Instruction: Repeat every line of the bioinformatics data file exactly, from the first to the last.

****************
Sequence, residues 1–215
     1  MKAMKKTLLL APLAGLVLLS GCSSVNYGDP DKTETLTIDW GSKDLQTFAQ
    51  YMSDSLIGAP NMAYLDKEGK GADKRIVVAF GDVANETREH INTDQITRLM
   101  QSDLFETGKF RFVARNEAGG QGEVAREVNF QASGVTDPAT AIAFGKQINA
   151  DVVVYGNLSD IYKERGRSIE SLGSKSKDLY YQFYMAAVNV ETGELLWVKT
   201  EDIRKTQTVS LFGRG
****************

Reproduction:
Sequence, residues 1–215
     1  MKAMKKTLLL APLAGLVLLS GCSSVNYGDP DKTETLTIDW GSKDLQTFAQ
    51  YMSDSLIGAP NMAYLDKEGK GADKRIVVAF GDVANETREH INTDQITRLM
   101  QSDLFETGKF RFVARNEAGG QGEVAREVNF QASGVTDPAT AIAFGKQINA
   151  DVVVYGNLSD IYKERGRSIE SLGSKSKDLY YQFYMAAVNV ETGELLWVKT
   201  EDIRKTQTVS LFGRG